iiiiiBSSBPPf f NrPnHnSiiRiiflV "- wSB8HiiS'S?raSllBB3lt -arStr .SFt, .jfjfrMJWp "B ??SFaCAHrl'" '''w't1 - STlC'V u "'""'"W'ffi''MfP jCfTi3:v7'"' - 4 r" V TJp-w " B
D CT A I Ehte Seller
Tt tn 1 "Best Buyers through THE
1 1-ead It. Bargain Hunters
lor onrings. Tho Lent medium.
i L - - i ' j v i i ,i.i - -m
DOUBLED THE PRICE
A Lienor license Surprise in
tlio Last Hours of
tlie legislature. T
EETAILEBS1 TO PAY $1,000
f rr T"-i
la Cities'otlfie First and Second,
Class, WMclffFakesiin Pitts- f
T)nrg and Allegheny. t
SENATOR KESB THE ONLY DICKER
Ja tlie UppOr Branch, TTUIellt Was Eailj
loaded Tkrougli the House hy aa-
EOADS AXD LOCiL'TREASBBttS W
Ttc Ancndf a Ballot Ef fmn ifeisnrc HU Been FlnaUjJ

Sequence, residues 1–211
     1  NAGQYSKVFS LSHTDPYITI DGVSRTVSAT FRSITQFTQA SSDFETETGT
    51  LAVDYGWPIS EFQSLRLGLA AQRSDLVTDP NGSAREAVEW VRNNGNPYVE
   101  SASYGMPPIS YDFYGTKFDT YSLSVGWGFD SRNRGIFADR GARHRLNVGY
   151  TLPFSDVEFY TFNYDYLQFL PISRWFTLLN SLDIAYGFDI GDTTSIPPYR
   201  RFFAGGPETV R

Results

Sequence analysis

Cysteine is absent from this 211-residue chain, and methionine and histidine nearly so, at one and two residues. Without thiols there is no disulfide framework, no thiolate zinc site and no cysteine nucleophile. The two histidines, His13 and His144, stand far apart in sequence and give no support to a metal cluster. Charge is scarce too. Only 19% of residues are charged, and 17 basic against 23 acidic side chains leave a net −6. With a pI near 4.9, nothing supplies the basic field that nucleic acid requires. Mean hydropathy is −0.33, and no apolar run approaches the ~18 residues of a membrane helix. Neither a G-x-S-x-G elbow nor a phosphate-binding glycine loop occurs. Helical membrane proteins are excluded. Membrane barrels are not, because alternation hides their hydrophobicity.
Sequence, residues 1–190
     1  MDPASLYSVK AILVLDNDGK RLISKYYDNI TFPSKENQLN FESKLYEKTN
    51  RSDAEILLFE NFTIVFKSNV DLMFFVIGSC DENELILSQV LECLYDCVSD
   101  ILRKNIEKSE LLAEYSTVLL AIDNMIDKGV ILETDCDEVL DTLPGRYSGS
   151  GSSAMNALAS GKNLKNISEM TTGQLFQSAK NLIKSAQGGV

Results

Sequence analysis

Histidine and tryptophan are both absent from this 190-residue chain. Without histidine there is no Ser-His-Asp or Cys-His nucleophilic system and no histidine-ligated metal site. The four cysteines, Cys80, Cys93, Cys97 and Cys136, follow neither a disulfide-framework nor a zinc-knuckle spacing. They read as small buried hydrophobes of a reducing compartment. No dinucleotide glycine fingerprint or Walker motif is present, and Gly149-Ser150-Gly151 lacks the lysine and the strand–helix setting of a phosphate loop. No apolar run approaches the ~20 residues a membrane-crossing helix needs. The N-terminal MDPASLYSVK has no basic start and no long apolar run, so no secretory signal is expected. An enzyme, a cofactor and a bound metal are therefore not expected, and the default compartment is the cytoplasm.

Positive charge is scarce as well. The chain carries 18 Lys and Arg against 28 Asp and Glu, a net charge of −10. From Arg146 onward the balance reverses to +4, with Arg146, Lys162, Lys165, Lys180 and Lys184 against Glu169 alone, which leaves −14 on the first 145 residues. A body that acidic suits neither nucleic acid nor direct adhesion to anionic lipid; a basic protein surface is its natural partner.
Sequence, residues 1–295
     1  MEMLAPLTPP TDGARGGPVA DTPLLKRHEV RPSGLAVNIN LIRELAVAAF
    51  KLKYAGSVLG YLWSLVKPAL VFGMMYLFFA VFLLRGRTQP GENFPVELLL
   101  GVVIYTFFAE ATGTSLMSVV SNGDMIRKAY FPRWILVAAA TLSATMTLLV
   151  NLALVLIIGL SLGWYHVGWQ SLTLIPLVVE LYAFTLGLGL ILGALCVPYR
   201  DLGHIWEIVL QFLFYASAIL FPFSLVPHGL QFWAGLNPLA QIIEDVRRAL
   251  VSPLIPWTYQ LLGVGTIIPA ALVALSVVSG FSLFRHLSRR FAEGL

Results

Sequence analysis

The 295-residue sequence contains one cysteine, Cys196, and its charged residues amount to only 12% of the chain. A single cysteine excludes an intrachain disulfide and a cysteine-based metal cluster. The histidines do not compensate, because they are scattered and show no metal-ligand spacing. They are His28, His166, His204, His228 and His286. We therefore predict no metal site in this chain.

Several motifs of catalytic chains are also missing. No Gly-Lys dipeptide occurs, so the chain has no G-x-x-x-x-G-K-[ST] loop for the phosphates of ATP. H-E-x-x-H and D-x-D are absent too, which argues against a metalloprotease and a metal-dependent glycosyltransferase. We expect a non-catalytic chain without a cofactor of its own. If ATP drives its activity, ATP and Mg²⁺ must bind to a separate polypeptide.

fassed, and Is Sow at the Disposal
J1SAL ACTIOS OS THE KETV TAXATION BIBTQI,
rrnoji A BTATr coEnEsr0XDE.T.J
Hakkisbueg, JIav2fi. There was a gen
nine surprise in both Senate and House io
night when the report of the conference
committee of Senator Henninger'a. bill
emending the Brooks law by increasing tha
proportion of retail license fees to be re
tained in the local treasuries, reported the
follow in-; compromise measures:
That all persons licensed to sell at retail
any vinous, spirituous, malt -or brewed
liquors or any admixture thereof In any
bouse, room or place, hotel, Inn or tavern,
thall be classified and required to pay
jiunually for such privileges as follows: Per
sons licensed to gel! by retail, resident in
cities of the first and second class, shall pay
The Sum of One Thousand Dollars,
and in cities of the third class shall pay tho
Bum of ?o00, those resident in all other cities
EhaU pay $300, and those resident in boroughs
thallpay the sum of $150; those resident In
townships' shall pay the sum of $75 to the
Treasurer of the respective counties for the
use of the counties in the following propor